Adira Levine ’22, a third-year Harvard Law School student, was recently recognized by the American Bar Association’s Section of Administrative Law and Regulatory Practice for her essay on the intersection of the Freedom of Information Act (FOIA) and environmental law. Levine’s paper, “FOIA Disclosure and the Supreme Court,” which will soon be published by the Harvard Environmental Law Review, received the 2021 Gellhorn-Sargentich Law Student Essay Award. The honor was announced at the ABA’s Administrative Law Conference on November 18.
“It was such an honor to receive this award, and to be asked to speak about my work with the section’s audience,” said Levine, who delivered remarks on her work and its findings at the conference. “I was inspired to write the paper during a spring 2021 seminar with Professor Richard Lazarus ’79, called Environmental Law and the Supreme Court. I was particularly interested in writing on a topic related to administrative law, and found the recent FOIA cases to be a perfect opportunity.”
Passed in 1966, FOIA requires the disclosure of certain government documents upon request, with the aim of increasing transparency and helping citizens, journalists, whistleblowers, and others better understand and monitor the actions of federal agencies. One increasingly active area of focus for advocates is the environment, writes Levine. “FOIA has served as a tool for environmental actors and concerned citizens to monitor environmental law and policy in the interest of raising awareness and checking abuse.”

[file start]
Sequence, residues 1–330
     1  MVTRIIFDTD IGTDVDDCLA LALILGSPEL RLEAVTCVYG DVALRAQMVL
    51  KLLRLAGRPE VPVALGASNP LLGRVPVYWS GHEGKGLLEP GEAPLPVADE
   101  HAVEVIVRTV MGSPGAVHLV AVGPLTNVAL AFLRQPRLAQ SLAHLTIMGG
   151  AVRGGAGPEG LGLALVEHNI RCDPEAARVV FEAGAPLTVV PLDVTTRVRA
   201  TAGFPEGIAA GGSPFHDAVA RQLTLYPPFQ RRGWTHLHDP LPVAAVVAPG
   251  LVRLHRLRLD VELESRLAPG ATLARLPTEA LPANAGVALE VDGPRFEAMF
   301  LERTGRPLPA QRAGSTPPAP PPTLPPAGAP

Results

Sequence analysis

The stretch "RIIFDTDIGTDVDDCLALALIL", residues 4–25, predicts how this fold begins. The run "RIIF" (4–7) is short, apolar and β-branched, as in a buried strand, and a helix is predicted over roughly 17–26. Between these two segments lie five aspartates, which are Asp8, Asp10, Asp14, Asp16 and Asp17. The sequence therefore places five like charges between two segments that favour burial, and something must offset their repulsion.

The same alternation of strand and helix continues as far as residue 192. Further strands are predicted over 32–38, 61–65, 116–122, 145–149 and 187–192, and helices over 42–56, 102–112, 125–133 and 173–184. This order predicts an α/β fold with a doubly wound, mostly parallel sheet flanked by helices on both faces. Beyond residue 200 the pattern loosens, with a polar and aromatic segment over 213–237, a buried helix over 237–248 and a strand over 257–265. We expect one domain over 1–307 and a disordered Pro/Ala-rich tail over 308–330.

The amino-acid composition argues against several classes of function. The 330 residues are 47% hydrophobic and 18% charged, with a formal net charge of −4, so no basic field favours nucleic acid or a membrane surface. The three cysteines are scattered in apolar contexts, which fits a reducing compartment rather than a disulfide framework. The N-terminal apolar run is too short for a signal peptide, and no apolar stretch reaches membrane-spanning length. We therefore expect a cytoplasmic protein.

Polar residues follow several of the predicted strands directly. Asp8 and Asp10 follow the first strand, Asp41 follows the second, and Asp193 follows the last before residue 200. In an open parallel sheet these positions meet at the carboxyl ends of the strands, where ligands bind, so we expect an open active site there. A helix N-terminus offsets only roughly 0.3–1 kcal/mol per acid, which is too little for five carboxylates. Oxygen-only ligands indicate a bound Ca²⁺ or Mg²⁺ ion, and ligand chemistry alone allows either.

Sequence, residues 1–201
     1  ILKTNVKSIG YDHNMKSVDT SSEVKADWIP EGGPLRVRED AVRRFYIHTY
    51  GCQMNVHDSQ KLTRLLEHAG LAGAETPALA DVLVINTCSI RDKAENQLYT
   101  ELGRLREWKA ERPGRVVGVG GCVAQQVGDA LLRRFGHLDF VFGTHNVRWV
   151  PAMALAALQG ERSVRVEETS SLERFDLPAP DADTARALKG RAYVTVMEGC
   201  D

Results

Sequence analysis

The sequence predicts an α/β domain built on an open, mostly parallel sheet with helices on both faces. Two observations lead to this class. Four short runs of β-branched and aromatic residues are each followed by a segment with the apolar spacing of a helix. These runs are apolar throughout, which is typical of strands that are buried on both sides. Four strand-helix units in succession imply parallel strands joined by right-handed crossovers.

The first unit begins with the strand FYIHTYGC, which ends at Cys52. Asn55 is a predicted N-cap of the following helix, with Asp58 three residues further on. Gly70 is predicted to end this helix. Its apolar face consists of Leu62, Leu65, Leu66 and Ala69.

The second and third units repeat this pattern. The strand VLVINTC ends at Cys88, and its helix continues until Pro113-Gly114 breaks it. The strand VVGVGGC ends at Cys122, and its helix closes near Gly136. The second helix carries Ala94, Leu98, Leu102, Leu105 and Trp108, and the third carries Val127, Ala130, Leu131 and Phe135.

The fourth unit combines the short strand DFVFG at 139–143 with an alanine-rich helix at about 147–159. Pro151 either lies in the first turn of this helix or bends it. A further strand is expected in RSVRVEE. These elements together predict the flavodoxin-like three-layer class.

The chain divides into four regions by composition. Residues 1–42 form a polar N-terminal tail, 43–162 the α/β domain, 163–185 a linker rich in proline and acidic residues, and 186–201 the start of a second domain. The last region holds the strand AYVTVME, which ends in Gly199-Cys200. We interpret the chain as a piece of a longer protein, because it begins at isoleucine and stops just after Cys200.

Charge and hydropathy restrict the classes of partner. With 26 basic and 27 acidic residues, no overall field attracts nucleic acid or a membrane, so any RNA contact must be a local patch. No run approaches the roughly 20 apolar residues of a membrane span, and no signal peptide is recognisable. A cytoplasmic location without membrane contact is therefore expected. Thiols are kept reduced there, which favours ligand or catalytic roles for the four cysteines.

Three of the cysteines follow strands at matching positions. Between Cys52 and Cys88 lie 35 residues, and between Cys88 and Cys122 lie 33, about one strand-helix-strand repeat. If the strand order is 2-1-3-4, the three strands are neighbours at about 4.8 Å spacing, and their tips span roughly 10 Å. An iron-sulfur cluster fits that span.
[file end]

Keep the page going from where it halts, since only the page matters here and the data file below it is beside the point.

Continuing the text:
Yet FOIA provides for exemptions from its disclosure rules, writes Levine, and “In the past two years, two Supreme Court decisions concerning the scope of FOIA’s exemptions have chipped away at the act’s utility for requesters of environmental information: Food Marketing Institute v. Argus Leader Media and U.S. Fish and Wildlife Service v. Sierra Club.”
In her paper, Levine analyzes the two cases in terms of their implications for both the Court’s evolving approach to FOIA and the resulting outlook for environmental litigants in the future.
At Harvard Law, Levine is an editor in chief of the Harvard National Security Journal, a First Amendment teaching fellow, a research assistant, and was part of a three-person team that won the Negotiation Challenge 2020. Prior to law school, Levine completed a Master in Public Policy degree at the University of Cambridge as a Mellon Fellow, and worked in Washington, D.C. advising senior federal government policymakers.